Pour over the crackers and smooth over the tops with the spatula. Work quickly as the caramel will set up really quickly. After spreading the caramel all over the crackers, heat the white chocolate in a dish in the microwave or in a double boiler. Pour into a bag or a piping bag. Cut the tip off of the bag and pipe over the top of the caramel.

Let them cool completely before breaking or cutting into squares. Eat furiously and commence your conversion to Judaism.


Hazelnut-Almond Baklava & Baklava Ice Cream

When I worked at my dad’s office in California, there was a really funny, really helpful guy named Kevin whose wife Jennifer made baklava during Christmastime. One bite and I was hooked. I really wanted to know how to make it so naturally I asked if they gave out the recipe. Kevin’s response was, “You only get the recipe when you marry into the family.” Which of course led me to ask if there were any single guys in Jennifer’s family. (Nope.)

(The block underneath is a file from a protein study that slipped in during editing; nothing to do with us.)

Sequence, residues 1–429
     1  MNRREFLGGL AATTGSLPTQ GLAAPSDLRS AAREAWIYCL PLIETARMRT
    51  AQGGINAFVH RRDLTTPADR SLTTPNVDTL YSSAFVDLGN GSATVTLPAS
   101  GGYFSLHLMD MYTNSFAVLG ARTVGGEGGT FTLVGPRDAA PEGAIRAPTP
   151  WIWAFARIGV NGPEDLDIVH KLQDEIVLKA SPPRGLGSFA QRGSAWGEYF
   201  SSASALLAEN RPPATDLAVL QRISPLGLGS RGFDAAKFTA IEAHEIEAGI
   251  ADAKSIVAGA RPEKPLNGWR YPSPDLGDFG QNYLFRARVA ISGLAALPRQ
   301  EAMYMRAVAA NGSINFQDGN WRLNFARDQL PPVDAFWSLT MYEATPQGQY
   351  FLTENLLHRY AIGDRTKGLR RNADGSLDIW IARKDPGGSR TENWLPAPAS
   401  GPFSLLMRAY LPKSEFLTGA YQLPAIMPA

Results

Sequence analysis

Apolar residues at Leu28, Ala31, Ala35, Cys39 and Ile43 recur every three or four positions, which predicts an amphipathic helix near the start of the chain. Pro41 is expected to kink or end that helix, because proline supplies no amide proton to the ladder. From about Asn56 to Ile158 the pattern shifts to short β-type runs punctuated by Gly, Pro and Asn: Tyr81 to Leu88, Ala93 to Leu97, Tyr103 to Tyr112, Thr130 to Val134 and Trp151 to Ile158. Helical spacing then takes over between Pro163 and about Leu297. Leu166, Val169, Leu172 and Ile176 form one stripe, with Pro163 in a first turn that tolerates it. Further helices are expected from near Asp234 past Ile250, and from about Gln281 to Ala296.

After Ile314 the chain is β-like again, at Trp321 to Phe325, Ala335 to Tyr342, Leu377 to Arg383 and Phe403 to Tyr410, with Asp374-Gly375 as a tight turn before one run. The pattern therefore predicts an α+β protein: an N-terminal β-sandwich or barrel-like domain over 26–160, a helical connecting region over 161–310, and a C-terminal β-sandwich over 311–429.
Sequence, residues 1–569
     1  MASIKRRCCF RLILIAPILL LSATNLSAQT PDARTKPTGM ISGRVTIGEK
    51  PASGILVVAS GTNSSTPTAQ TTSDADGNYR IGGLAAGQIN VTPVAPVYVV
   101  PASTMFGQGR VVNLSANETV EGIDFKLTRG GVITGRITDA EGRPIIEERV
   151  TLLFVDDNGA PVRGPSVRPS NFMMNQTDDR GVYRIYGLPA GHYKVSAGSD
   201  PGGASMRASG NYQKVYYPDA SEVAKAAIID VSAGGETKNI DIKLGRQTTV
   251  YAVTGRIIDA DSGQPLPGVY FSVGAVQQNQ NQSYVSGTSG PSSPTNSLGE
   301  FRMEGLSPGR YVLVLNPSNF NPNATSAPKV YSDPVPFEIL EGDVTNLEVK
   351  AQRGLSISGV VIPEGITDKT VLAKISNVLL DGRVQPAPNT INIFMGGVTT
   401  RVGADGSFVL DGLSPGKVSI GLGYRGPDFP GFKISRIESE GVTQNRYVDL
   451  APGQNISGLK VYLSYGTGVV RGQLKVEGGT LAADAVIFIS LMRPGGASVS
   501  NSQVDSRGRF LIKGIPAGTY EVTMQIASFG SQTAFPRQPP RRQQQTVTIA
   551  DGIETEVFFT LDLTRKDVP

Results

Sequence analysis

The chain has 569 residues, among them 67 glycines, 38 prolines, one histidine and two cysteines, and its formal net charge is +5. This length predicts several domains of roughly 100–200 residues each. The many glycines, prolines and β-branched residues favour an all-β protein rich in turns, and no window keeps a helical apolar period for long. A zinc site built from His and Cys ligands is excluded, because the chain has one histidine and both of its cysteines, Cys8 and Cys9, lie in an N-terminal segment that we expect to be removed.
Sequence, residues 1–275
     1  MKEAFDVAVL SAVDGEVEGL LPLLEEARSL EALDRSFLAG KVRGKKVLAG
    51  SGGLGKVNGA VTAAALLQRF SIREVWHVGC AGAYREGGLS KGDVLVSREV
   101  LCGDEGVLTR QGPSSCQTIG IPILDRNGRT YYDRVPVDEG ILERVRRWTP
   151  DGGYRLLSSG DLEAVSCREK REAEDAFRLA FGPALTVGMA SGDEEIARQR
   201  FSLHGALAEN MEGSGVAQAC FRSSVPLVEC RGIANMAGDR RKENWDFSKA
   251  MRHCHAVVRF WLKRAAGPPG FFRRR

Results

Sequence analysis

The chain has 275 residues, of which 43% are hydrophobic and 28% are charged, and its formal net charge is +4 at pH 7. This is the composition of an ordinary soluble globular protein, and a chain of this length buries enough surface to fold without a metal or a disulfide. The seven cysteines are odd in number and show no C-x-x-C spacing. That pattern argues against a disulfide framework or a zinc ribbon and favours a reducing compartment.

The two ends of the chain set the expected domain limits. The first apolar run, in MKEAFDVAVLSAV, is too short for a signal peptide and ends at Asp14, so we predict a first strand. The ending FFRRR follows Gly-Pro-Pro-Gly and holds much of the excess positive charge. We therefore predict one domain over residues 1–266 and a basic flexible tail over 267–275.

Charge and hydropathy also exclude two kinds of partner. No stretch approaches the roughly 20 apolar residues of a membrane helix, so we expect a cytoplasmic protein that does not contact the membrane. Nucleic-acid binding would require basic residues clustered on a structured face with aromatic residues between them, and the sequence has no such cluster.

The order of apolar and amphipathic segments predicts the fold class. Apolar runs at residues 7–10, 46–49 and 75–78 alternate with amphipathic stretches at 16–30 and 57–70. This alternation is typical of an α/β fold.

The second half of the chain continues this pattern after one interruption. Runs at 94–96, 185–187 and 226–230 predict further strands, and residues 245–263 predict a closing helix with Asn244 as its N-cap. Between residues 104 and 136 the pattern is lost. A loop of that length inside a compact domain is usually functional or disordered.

So when I mulled and mulled and mulled over the idea of hazelnut baklava, I turned to Alton Brown. When it comes to certain things, there is a guru, sage, or personified encyclopedia to consult. For carpentry, it’s my grandpa and his groups of friends. Ask them about any kind of mitered joint and they’ll tell you the best tool to use (including brand), whether glue alone will hold it or if you need wood screws. They’ll all bicker and then offer up tools to borrow and then tell you a big ole story while you drink coffee that faintly and sweetly smells like sawdust. When it comes to carpentry, ask “What would Grandpa do?”